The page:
Products – While members may ask for general opinions and suggestions on equipment, trailers, trucks, etc., they may not list the specific attributes for which they are in the market, as such posts serve as wanted ads.

Event Announcements – Members may post one notification of an upcoming event that may be of interest to fellow members, if the original poster does not benefit financially from the event. Such threads may not be “bumped” excessively. Premium members may post their own notices in the Event Announcements forum.

Charities/Rescues – Announcements for charitable or fundraising events can only be made for 501(c)(3) tax-exempt organizations. Special exceptions may be made, at the moderators’ discretion and direction, for board-related events or fundraising activities in extraordinary circumstances.

Occasional posts regarding horses available for adoption through IRS-registered horse rescue or placement programs are permitted in the appropriate forums, but these threads may be limited at the discretion of the moderators. Individuals may not advertise or make announcements for horses in need of rescue, placement or adoption unless the horse is available through a recognized rescue or placement agency or government-run entity or the thread fits the criteria for and is located in the Giveaways forum.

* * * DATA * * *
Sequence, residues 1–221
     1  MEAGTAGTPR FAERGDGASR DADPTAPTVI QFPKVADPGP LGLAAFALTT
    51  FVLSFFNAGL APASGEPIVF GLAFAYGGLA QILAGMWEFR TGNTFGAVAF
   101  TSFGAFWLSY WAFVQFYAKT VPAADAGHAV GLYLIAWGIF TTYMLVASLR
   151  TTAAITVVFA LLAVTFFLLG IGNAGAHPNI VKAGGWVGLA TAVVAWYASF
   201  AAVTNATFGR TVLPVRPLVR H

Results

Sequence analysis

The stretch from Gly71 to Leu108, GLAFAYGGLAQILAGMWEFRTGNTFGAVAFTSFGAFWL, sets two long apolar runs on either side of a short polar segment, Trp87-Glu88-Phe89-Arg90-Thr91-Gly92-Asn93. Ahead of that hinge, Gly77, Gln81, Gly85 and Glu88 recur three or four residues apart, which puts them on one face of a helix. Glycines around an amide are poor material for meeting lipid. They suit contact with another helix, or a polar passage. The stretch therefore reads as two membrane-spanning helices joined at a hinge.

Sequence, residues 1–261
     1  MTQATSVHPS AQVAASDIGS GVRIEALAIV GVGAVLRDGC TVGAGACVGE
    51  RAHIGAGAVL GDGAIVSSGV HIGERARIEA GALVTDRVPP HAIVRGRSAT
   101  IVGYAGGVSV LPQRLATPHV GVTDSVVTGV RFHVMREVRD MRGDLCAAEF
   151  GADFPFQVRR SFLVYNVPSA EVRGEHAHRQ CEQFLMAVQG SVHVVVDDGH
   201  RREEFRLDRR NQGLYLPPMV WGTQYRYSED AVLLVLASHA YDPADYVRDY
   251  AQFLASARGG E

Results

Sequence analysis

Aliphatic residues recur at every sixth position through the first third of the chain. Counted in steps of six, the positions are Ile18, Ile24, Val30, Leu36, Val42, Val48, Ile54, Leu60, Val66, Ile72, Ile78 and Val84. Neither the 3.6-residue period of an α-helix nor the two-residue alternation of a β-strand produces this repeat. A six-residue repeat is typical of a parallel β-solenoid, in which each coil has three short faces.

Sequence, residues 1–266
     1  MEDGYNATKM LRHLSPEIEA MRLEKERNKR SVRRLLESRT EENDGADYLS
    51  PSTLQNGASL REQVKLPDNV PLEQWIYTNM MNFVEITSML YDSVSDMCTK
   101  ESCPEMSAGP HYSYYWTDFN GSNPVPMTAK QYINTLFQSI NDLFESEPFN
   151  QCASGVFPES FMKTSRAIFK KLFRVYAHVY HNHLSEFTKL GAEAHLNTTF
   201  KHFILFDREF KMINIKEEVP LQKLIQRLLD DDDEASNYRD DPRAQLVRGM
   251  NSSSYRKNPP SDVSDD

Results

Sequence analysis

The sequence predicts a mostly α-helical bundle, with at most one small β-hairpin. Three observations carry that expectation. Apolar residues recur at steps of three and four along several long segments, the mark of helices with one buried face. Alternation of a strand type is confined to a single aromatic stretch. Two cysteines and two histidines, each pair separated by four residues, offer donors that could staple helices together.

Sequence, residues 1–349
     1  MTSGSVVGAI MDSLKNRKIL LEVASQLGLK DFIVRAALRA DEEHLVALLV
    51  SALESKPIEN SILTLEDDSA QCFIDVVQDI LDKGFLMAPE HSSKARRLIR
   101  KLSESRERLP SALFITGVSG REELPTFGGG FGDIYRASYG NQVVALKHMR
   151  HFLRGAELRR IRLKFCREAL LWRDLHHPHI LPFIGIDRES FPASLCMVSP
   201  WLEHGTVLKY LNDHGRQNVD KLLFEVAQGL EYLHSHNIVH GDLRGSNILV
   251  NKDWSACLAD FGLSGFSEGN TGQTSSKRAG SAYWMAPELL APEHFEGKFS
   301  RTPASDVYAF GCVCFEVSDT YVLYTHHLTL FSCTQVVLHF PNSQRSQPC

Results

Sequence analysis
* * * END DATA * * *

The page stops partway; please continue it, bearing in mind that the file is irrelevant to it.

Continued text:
5. Do not post copyrighted photographs unless you have purchased that photo and have permission to do so.

6. Respect other members.
As members are often passionate about their beliefs and intentions can easily be misinterpreted in this type of environment, try to explore or resolve the inevitable disagreements that arise in the course of threads calmly and rationally.

If you see a post that you feel violates the rules of the board, please click the “alert” button (exclamation point inside of a triangle) in the bottom left corner of the post, which will alert ONLY the moderators to the post in question. They will then take whatever action, or no action, as deemed appropriate for the situation at their discretion. Do not air grievances regarding other posters or the moderators in the discussion forums.

Please be advised that adding another user to your “Ignore” list via your User Control Panel can be a useful tactic, which blocks posts and private messages by members whose commentary you’d rather avoid reading.